northern rough-winged swallow
Smaller than a sparrow, the Northern Rough-Winged Swallow is a rather drab bird, with a dull brownish back and plain whitish front. At the throat is a dusky smudge. The bill is short and pointed and the tail is square. The “rough-wing” term refers to hooks on the edge of its primary feathers, but they are not much use for field identification since they are so small. Young birds have some rusty coloring.
This agile swallow forages in the air for insects, which comprise nearly 100 percent of its diet. The female builds a nest from materials collected on the ground, such as dried grass, roots, bark, pine needles, moss, and many other materials. The nest site is a burrow. The Rough-Winged Swallow is flexible in its burrow choice; documented sites have included not only cavities previously used by other bird species (such as kingfishers) but other cavities in vertical surfaces. These could be from crevices in a culvert or even drainpipes. One documented example was found in a Civil War cannon barrel. However, this species does not use tree cavities.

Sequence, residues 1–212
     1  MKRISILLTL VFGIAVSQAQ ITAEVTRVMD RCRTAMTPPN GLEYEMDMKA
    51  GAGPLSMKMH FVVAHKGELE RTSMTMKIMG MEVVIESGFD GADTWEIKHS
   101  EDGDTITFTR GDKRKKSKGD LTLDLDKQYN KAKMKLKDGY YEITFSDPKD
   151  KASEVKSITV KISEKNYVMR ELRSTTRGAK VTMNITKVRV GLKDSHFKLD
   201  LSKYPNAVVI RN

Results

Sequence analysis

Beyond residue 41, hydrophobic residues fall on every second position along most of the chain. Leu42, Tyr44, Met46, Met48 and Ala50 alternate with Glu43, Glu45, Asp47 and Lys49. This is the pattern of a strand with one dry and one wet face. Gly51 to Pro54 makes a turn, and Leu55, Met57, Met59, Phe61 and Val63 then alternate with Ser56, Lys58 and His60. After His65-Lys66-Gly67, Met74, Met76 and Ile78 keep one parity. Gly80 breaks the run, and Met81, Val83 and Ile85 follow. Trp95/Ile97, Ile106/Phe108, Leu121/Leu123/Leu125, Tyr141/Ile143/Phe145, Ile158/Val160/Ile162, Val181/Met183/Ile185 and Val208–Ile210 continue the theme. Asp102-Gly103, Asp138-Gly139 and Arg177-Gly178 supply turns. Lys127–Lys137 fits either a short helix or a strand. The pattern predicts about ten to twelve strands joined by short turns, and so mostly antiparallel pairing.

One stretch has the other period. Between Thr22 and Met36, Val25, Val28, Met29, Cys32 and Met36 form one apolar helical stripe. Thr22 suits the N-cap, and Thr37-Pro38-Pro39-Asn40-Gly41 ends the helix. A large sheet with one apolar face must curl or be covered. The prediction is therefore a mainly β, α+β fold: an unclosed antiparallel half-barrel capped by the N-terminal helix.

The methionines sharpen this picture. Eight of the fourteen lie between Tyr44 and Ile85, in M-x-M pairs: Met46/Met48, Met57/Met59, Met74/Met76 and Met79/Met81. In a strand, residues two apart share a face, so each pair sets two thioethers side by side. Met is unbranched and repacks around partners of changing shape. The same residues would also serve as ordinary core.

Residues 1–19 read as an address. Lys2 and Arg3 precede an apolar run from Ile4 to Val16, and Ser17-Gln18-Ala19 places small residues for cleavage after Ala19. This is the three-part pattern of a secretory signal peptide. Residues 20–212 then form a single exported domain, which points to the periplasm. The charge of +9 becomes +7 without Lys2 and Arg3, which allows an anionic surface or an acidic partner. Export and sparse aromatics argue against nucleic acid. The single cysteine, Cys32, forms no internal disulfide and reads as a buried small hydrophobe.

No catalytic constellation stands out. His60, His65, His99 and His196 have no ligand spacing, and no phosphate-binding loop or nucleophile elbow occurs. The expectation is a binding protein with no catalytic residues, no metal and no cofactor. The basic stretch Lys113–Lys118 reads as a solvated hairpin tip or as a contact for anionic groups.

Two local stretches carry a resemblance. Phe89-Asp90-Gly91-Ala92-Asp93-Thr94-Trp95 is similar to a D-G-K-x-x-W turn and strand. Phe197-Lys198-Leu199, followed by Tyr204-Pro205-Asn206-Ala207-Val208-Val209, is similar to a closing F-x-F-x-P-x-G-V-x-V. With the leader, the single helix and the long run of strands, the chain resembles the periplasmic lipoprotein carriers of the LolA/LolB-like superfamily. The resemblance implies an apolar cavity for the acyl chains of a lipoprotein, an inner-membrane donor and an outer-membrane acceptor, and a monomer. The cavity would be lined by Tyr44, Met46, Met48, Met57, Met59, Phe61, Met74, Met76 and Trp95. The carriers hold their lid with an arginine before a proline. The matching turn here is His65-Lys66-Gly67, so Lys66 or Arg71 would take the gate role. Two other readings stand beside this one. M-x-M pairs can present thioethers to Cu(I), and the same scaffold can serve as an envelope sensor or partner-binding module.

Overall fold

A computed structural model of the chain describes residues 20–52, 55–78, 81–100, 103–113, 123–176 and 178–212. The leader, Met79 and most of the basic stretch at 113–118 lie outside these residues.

What brings it to the SBG?
Food, cover. SBG is an excellent insectivore habitat. It is not clear whether the SBG habitat provides nest sites. Groundhog burrows there are aplenty, but the burrow usually needs to be set into a vertical surface.
When can I see it?
About April to late summer. Migration is prolonged and they may be seen as late as October. Eastern birds migrate to the Gulf of Mexico coast and Central America.